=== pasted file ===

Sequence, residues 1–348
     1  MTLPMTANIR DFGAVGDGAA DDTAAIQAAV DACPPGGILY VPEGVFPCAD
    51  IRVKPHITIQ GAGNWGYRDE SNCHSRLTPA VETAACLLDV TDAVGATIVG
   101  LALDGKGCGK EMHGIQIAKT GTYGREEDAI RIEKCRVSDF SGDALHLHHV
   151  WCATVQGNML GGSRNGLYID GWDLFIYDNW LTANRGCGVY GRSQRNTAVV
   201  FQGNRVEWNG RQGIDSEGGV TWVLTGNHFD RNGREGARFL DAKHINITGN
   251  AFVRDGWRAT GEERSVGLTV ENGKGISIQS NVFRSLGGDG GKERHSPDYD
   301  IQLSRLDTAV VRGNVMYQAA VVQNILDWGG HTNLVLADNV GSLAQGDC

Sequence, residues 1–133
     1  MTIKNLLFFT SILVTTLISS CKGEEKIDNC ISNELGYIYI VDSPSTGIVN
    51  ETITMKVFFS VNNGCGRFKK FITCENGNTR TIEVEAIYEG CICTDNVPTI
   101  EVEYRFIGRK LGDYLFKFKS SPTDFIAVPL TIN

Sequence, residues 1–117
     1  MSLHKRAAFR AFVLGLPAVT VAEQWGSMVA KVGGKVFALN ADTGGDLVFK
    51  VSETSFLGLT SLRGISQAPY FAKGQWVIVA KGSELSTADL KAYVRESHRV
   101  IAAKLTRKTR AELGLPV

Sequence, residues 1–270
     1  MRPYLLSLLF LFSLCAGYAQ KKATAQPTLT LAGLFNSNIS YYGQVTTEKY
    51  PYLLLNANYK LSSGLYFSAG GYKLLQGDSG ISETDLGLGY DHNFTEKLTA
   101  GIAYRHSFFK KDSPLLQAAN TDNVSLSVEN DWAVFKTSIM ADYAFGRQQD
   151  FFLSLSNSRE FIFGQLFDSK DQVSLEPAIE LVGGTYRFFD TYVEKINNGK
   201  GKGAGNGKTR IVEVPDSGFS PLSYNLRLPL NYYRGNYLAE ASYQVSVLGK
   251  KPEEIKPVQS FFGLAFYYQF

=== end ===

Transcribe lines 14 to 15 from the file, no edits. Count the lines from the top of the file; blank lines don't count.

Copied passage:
     1  MSLHKRAAFR AFVLGLPAVT VAEQWGSMVA KVGGKVFALN ADTGGDLVFK
    51  VSETSFLGLT SLRGISQAPY FAKGQWVIVA KGSELSTADL KAYVRESHRV